RATIONAL CONSTRUCTION OF FURNACES
are so well known in this industry that it will not be necessary to
devote much space to them.
Fig. 84 shows the same kiln (Fig. 83) reconstructed to work on
the downdraft principle. The distribution of the current's of hot
gases is very good, as the hottest gases rise to the arch of the
furnace and then divide themselves into uniformly descending
currents. One of the results of this reconstruction was the
reduction of the amount of defective brick turned out from
30 per cent to 1 per cent.
Fig. 85 shows a two-story kiln used in the manufacture of
porcelain. Such kilns are still actually in use. The upper
chamber works in an unsatisfactory manner, the hot gases being
divided into ascending currents; it is practically impossible to
regulate the distribution of the heat by changing the size of the
waste-gas opening. The lower chamber of the kiln, which works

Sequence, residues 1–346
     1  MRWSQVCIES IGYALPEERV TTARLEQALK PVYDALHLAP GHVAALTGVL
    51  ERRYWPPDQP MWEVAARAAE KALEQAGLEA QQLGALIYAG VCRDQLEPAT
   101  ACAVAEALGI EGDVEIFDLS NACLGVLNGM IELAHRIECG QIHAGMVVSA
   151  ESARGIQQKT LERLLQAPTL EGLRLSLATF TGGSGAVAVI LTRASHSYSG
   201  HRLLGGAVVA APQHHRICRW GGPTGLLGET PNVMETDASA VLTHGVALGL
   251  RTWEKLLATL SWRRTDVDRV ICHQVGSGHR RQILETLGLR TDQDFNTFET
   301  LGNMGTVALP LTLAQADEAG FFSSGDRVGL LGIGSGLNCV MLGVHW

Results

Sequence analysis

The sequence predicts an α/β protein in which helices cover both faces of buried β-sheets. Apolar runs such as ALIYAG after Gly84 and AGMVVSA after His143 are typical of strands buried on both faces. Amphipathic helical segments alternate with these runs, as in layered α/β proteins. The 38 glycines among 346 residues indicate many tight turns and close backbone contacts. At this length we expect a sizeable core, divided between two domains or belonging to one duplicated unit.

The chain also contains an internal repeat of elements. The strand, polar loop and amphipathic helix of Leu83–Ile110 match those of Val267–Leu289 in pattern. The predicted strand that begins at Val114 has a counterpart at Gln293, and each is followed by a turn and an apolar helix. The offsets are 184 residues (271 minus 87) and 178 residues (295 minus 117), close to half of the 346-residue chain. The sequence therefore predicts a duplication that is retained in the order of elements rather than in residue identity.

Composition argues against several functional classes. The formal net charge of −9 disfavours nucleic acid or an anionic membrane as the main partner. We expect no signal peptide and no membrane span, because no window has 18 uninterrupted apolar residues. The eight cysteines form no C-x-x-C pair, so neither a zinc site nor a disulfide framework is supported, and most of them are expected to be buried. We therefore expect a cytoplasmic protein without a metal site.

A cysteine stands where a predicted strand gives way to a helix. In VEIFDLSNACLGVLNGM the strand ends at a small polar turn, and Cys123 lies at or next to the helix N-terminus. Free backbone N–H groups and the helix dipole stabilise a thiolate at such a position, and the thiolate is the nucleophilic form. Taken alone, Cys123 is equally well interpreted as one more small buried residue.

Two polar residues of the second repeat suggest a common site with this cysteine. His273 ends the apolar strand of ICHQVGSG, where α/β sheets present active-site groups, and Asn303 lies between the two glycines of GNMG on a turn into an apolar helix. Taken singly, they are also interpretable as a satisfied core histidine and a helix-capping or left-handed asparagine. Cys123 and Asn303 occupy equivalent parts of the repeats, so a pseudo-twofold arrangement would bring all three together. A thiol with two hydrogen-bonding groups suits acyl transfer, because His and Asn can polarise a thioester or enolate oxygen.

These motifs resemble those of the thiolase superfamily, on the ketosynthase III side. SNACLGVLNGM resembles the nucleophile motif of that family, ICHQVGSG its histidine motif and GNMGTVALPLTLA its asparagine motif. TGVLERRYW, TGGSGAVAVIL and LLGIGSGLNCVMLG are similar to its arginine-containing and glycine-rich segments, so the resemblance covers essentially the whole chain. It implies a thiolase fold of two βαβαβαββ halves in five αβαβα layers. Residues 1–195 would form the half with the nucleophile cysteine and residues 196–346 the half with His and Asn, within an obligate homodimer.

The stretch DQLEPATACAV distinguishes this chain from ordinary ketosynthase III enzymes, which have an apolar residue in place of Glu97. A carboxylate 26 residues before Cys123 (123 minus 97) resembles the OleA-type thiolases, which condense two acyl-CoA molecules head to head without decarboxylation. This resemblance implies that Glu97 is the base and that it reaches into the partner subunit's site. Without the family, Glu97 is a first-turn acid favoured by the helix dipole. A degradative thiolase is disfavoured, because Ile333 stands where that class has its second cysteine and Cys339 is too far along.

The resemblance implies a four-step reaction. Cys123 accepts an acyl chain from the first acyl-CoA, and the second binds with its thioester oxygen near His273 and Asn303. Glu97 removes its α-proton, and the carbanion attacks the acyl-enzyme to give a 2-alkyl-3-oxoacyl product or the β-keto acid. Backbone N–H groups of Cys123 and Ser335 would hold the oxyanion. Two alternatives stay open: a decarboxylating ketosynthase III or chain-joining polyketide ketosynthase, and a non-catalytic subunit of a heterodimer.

on the downdraft principle, has a regular heat distribution.
Fig. 86 shows a kiln of this type correctly constructed, both
the upper and the lower chamber working upon the downdraft
principle. The firebox has been changed from the lower to the
Note ly English translator.—Downdraft "beehive" kilns are widely used
in the manufacture of refractory brick. In the silica brick plants it is well
known that only one-seventh of the kiln capacity can be used for coke oven
shapes, many of which require two burns. The prevailing tendency in